GPs abandoned on complex mental health cases
By Lilian Anekwe
A Pulse investigation has revealed GPs are increasingly being forced to deal with complex mental health cases without adequate specialist support as a result of policy changes and years of underfunding.
GPs are being left to treat patients with mental illnesses and personality disorders classed as ‘moderately severe', because of a decision to require mental health specialists to focus heavily on psychosis and other severe illness.
A survey of more than 400 GPs – conducted for Pulse by doctors' mobile communication company Pearl Medical – reveals more than half have had patients they referred to community mental health teams (CMHTs) bounced back on the grounds that the patient was not ill enough, or the CMHT was ‘not the appropriate provider of care'.
Professor Andre Tylee, professor of primary care mental health at King's College London, told Pulse there had been a significant shift in policy over the past 10 years, with CMHTs focusing increasingly on patients with severe mental illness, such as psychoses.
‘The money has been shifted to more severe mental illness-focused services and away from mainstream community mental health care,' he warned.
The survey of more than 400 GPs is the first instalment of a series of reports on mental health services. Pulse has also learnt of a series of hidden cutbacks, and found that GPs have been forced to manipulate the system to get patients treated.
A quarter of GPs said they did not receive adequate support from their local consultant psychiatrist the last time they requested it, and a third rated the support by their local CMHT as either poor or very poor.
Patients with depression and personality disorders often appeared to be caught in the gaps between care services. Only 1.5% of GPs surveyed said their primary care organisation provided a dedicated service for patients with personality disorders.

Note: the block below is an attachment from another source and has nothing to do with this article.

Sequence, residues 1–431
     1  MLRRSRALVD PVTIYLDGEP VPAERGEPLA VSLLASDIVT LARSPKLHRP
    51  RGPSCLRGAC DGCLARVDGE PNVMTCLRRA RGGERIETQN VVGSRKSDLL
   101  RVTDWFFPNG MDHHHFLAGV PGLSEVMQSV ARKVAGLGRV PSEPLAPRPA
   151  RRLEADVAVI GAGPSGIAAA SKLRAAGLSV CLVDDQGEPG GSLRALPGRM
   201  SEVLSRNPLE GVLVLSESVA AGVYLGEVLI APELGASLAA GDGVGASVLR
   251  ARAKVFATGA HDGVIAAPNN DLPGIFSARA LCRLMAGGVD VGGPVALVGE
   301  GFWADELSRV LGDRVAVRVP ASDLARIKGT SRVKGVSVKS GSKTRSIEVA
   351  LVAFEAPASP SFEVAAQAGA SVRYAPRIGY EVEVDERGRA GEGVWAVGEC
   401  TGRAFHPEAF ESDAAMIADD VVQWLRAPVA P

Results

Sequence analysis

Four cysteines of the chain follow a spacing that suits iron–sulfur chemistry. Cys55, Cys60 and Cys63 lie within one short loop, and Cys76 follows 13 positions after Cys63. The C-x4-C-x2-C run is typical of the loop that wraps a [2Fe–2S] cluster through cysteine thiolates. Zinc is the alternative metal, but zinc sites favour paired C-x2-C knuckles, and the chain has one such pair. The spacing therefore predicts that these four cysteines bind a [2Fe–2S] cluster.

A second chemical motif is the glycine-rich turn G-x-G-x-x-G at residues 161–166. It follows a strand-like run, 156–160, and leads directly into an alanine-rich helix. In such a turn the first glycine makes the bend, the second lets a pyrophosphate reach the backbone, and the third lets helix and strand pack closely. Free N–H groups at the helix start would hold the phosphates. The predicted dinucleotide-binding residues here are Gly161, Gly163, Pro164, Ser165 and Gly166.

Dr Alison Munns, a GP in Stevenage, Hertfordshire, said her CMHT had refused to see patients with personality disorders she had referred, on the grounds that they were ‘untreatable'.
She added: ‘The service is configured entirely for the needs of those with psychosis and responds adequately to that. Those patients who fit the CMHT's definition of severe mental illness are well catered for, but there are plenty of people I consider to have significant mental health issues who are bounced back, unsupported, and at risk of suicide and self harm.'
One GP in south Lincoln-shire said: ‘Here you can see extraordinary cases of patients who seek help often getting red-carded by services as they cannot cope.'
The Department of Health defended its mental health record, singling out health secretary Alan Johnson's announcement of £170m of new money for the expansion of psychological therapies last year.
A spokesperson said: ‘As the programme rolls out, all practices will have access to them, with an estimated 900,000 people benefiting by 2011.'The survey findings The findings
82% of GPs have had referrals bounced back by CMHT
33% say support provided by local CMHT is poor or very poor
43% feel mentally ill patients are at risk of harming themselves or others